“American cities have valued trees for their aesthetic qualities,” Nowak said. “Our research assists cities by revealing the numerous benefits trees deliver in terms of environmental quality and human health.”

In addition to Northern Research Station scientists with Forest Inventory and Analysis and Philadelphia Field Station staff, the research team included researchers from SUNY College of Environmental Science and Forestry at Syracuse, New York and Davey Trees’ Davey Institute.

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Featured Research

Enhancing Songbird Populations in Eastern Forests with Forest Management

Wood thrush. Courtesy photo by Bill Thompson, USDI National Park Service.Over the next 100 years, an estimated 12 percent of bird species worldwide are facing the risk of extinction. From their breeding habitat in the eastern United States to tropical wintering grounds in Central America, research wildlife biologist Dave King has explored the habitat needs of songbirds and factors behind the loss or degradation of their habitat for more than two decades.

“Birds are an important part of our native ecosystems,” King said. “We view them as an indicator of ecological health, and the widespread interest in birds has also given them greater importance to local economies.”

Last year, King’s research on the role of forest management in supporting bird populations was one of 22 projects selected for inclusion in the Northern Research Station’s “Research Highlights” presentation, a collection of the best science of the year. His research explored whether forestry can enhance habitat quality for bird species in eastern forests.

A 2014 article by another Northern Research Station scientist, Stephen Shifley, inspired King’s research. In “Five anthropogenic factors that will radically alter forest conditions and management needs in the Northern United States,” Shifley identified a lack of age-class diversity as a significant problem for forests. Nearly 60 percent of northern forest land is clustered in age classes spanning 40 to 80 years; young forests (age 20 years or less) are only 8 percent of all forests in the region; and forests older than 100 years are 5 percent of forests. For forests, this means that they are not as diverse or resilient as they could be.

King wanted to know what the homogenization of forests might mean for forest birds. He set up research plots in Massachusetts and used tiny radio transmitters to track fledgling wood thrush from the time they left the nest to when they left on their southward migration. With a 50 percent decline in population in the past half-century, wood thrush are experiencing the most dramatic population change of eastern birds.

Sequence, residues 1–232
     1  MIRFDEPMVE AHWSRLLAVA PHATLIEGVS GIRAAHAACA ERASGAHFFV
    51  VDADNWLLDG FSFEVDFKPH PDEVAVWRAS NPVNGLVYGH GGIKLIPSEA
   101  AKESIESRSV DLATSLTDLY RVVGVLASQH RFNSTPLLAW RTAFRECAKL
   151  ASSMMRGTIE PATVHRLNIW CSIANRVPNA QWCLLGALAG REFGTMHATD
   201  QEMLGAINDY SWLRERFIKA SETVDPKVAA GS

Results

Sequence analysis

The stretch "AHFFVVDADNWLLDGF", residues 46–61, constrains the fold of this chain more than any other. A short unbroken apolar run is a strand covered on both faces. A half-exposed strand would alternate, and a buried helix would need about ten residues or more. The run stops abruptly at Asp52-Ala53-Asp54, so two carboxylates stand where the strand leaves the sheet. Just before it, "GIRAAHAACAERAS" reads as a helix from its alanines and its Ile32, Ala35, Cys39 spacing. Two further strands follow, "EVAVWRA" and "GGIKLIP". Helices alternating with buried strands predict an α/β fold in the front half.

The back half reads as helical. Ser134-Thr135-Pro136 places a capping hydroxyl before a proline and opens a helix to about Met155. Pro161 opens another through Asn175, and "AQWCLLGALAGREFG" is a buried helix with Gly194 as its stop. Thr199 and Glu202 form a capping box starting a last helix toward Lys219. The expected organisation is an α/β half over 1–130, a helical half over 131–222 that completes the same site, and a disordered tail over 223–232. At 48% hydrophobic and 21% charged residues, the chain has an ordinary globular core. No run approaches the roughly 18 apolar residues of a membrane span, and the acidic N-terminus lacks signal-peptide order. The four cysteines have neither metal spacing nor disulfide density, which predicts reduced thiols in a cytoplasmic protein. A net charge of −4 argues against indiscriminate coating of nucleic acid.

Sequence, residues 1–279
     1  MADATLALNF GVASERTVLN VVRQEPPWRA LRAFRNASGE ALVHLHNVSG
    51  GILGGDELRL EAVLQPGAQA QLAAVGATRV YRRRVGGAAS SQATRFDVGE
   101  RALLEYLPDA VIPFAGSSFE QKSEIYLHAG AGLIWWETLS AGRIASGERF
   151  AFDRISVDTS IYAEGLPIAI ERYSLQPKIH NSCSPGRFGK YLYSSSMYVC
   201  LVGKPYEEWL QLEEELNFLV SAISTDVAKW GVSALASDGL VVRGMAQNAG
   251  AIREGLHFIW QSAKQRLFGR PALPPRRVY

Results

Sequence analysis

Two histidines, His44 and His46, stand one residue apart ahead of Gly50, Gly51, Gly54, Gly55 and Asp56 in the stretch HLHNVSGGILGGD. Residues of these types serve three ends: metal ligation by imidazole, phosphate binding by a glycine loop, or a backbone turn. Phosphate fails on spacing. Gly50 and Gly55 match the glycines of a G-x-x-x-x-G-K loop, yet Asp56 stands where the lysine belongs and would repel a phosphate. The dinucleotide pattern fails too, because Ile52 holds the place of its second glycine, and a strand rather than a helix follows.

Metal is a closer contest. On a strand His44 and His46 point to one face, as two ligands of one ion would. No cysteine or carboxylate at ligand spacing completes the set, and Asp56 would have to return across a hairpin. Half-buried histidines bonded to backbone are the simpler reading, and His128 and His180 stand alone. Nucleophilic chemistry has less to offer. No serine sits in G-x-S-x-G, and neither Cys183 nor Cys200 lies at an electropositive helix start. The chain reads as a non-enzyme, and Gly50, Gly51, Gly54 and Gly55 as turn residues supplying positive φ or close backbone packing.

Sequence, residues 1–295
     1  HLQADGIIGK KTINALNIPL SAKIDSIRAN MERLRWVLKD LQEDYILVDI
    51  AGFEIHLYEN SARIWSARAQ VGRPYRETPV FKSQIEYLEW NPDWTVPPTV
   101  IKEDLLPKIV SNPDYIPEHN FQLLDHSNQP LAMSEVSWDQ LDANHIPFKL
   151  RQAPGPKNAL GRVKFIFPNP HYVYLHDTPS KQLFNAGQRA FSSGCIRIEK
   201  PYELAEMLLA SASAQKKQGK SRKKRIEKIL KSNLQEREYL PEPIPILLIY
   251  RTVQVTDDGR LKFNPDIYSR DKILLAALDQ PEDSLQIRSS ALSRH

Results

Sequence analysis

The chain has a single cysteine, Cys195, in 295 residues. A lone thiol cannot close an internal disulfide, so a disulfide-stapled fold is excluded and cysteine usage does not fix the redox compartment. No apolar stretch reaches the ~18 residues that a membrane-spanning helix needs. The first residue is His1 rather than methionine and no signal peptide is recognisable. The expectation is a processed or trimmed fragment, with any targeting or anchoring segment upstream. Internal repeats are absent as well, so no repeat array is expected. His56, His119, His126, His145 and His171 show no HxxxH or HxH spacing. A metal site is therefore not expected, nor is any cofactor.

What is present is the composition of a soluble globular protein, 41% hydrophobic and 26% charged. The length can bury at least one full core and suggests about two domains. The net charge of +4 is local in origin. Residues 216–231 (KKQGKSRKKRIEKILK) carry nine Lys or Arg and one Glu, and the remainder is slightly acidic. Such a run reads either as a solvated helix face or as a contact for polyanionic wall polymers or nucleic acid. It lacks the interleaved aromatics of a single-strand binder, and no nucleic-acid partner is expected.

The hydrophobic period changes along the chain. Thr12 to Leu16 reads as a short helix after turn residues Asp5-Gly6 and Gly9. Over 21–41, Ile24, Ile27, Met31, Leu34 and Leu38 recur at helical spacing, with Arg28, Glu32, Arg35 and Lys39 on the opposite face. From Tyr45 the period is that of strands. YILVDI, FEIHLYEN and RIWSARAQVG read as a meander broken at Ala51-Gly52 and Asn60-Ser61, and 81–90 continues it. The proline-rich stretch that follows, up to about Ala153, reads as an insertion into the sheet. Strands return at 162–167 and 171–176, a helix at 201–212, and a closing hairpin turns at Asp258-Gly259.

King found that wood thrush favored habitat in managed forests where forestry operations increased the density of shrubs and saplings. “Forest regeneration creates more nesting opportunities for adult wood thrushes and better hiding places for fledglings,” he said. “The increasing homogenization of northern forests reduces habitat diversity, making it is as much a threat to bird species as it is to forests.”

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Featured Partnership

Bird banding with Audubon

Youth holds female cardinal.  Photo by Barbara McGuinness, US Forest Service. At the Audubon Community Nature Center in Jamestown, NY, the U.S. Forest Service’s Northern Research Station has partnered with the Audubon Society in bird banding activities as part of public education programs and to monitor the health, diversity and characteristics of bird populations in the area.

The partnership began 10 years ago.  Research wildlife biologist Scott Stoleson, volunteered his expertise in bird banding and knowledge of birds to help identify locations at the Nature Center to set up bird nets.  Nets strung across the birds’ most common flight paths enable Stoleson and colleagues to capture birds and gather data on their age, sex, wing span, and tail measurement.  Each bird is then outfitted with a small aluminum leg band marked with a unique 9-digit identification number before it is released back into the wild.  The bands are used to track the movement and health of the birds. All data collected is submitted to the U.S. Geological Survey (USGS) Bird Banding Laboratory in Patuxent, MD.

Educational programs at the Nature Center provide opportunities for members of the public to get a closer view of birds through bird banding activities.  “Some kids really catch on and get a spark from participation in the program,” said Stoleson.  “One young man who started coming here about 6 years ago, when he was 5, now knows all the birds.”

“We do bird banding during spring migration and during bird breeding season,” said Ruth Lundin, President of the Audubon Community Nature Center.  “The bird banding activity goes back to the 1970s, but it was discontinued for many years.  Through the partnership with the Forest Service we can again do bird banding because of Forest Service researchers who are licensed to conduct the banding.”

In addition to bird banding, the Center hosts a “First Friday” program where people can learn about Forest Service research that is going on nearby, including research on the neotropical migratory cerulean warbler that twice annually travels between eastern forests in the U.S. and South America.  “The relationship with the Forest Service is a wonderful win-win situation,” said Lundin.


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Last modified: 05/25/2017